Last Minute College Planning

August is back to school time, and college tuition bills are due soon. If you’re writing tuition checks, you’re past the point of setting up a 529 savings plan, filling out the FAFSA , selecting a college, and applying for scholarships and financial aid. The reality of the remaining cost and the immediacy of the expense may be stressing you out. Life happens, and we aren’t always prepared the way we’d hoped.

So what do you do now?

Take Stock of your Resources.

In a perfect world, you should have 3-6 months of living expenses available in a savings account that you can access in emergencies, retirement savings through your employer, and additional savings for retirement outside your employment.   Don’t wipe them out paying for college.

It can be difficult to get money saved, and wiping emergency funds out can put you in a much tighter financial spot if a real emergency like a job loss or heath surprise come along. Borrowing against your 401(K), as some employer plans will allow, can put a significant dent in your retirement savings because your account is credited with the interest you’re paying versus actual investment returns. Many plans won’t allow you to make contributions while you’re repaying the loan either. If things don’t go as planned, and you aren’t able to repay the loan, the IRS requires you to report the loan as income and pay an additional 10% penalty.   Consider these alternatives instead:

Lifestyle shift – Look at your current lifestyle and be honest with yourself about whether or not you can fund at least part of the cost of college from your current cash flow. If you’ve been taking an expensive family vacation every year, or are using an annual bonus as an entertainment slush fund, it’s probably time for a paradigm shift.  This won’t help with the bill due today, but an honest assessment and change of plans might make things easier when the next bill comes due.

Family members – Many families are helping their parents as well as their kids, so this might seem like a ridiculous suggestion. But over the years I’ve worked with many grandparents who said they wanted to leave their children or grandchildren money when they die, and they have specific funds in mind. They don’t always consider that assistance with college today is far more helpful to their families than inheriting money someday. It’s worth a discussion. Tuition paid directly to a college doesn’t count against the annual gift exclusion either.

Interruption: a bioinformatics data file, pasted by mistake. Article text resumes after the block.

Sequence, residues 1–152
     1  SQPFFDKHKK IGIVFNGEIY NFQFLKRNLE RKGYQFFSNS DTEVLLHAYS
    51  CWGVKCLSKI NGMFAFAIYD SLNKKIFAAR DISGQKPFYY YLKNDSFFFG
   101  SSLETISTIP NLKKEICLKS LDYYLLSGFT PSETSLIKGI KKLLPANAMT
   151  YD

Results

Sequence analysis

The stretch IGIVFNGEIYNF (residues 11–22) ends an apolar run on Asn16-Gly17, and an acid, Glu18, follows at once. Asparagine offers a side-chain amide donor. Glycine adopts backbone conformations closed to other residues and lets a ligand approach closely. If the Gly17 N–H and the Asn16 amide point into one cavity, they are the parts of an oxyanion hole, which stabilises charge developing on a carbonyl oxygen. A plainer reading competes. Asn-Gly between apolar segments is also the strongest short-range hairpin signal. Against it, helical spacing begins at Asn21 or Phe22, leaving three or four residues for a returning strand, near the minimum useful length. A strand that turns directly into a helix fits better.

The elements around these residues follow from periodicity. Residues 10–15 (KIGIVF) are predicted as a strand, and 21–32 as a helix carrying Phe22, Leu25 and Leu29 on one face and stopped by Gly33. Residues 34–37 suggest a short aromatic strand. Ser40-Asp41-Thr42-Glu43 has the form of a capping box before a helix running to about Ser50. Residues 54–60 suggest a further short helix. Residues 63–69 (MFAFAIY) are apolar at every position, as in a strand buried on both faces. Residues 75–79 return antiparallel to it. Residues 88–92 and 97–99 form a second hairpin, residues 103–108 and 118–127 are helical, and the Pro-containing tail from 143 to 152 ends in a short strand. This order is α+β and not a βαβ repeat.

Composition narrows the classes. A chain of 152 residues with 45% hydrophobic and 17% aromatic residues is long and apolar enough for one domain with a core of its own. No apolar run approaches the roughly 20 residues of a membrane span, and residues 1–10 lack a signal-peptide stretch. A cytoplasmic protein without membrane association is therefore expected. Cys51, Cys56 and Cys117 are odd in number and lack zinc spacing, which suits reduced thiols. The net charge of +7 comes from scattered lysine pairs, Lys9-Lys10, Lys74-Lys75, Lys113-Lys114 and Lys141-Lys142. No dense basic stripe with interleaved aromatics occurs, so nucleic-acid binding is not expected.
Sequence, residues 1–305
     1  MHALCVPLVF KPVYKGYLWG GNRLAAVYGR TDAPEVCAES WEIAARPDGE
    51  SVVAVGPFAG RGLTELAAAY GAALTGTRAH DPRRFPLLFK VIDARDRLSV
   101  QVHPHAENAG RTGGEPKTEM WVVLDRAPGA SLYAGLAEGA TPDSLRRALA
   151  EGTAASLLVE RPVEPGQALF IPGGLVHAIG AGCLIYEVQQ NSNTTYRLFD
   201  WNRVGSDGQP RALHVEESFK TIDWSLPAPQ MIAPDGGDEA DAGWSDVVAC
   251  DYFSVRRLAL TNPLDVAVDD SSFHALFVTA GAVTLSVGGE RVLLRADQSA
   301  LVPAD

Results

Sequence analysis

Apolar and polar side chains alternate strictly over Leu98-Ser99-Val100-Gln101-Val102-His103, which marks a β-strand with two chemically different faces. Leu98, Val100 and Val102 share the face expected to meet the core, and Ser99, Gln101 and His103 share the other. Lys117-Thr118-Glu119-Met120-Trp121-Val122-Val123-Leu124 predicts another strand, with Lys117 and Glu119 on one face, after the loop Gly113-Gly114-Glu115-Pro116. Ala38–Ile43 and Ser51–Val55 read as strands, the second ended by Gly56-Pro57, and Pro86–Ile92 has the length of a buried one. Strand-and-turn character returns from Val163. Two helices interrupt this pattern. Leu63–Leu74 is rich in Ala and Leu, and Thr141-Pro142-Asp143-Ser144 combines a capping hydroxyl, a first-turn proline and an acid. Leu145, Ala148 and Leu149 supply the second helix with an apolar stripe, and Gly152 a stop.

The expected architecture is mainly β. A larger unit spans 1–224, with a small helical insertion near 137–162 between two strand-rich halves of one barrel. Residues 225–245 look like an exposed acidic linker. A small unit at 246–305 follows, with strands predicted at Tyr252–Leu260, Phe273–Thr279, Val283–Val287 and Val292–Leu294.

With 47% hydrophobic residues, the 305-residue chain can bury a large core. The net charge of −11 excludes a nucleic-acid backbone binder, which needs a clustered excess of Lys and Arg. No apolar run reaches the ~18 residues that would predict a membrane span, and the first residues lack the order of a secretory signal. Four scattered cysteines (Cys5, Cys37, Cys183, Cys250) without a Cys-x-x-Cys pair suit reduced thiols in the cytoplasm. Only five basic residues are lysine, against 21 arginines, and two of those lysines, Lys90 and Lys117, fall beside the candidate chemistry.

The 800 Pound Gorilla – Sometimes families have property or other assets they don’t even consider as a resource.   Have you held onto a vacation property that you don’t use as often now that your kids are older? Do you own a rental property that doesn’t really cover its costs? What about a car that you’ve been working on for years that hasn’t moved from the garage? At the very least, they should be looked at and considered as a financial resource in this day of on-line auctions and Craigslist sales.

Look at Borrowing Alternatives.

Before borrowing your way through the college years, it’s important that you consider how much debt is a reasonable amount to take on for your child’s education. Chip Workman covered this question well in his blog How Much is Too Much? Once you’ve decided on a target amount you can live with, the next question is from whom?

Family – At the risk of receiving hate mail, I think it’s worth talking to family members as a first line of defense. If your family cannot afford to gift for college, they may be able to lend instead. Interest rates on savings accounts are low, and receiving an interest payment of 3-5% for money borrowed is much better than the next-to-nothing interest they are receiving from the bank. But you have to do it right, and you have to treat the loan like any other so you don’t ruin your relationship. Prepare a promissory note to document the terms of the loan, and be clear with other family members that need to know about the arrangement.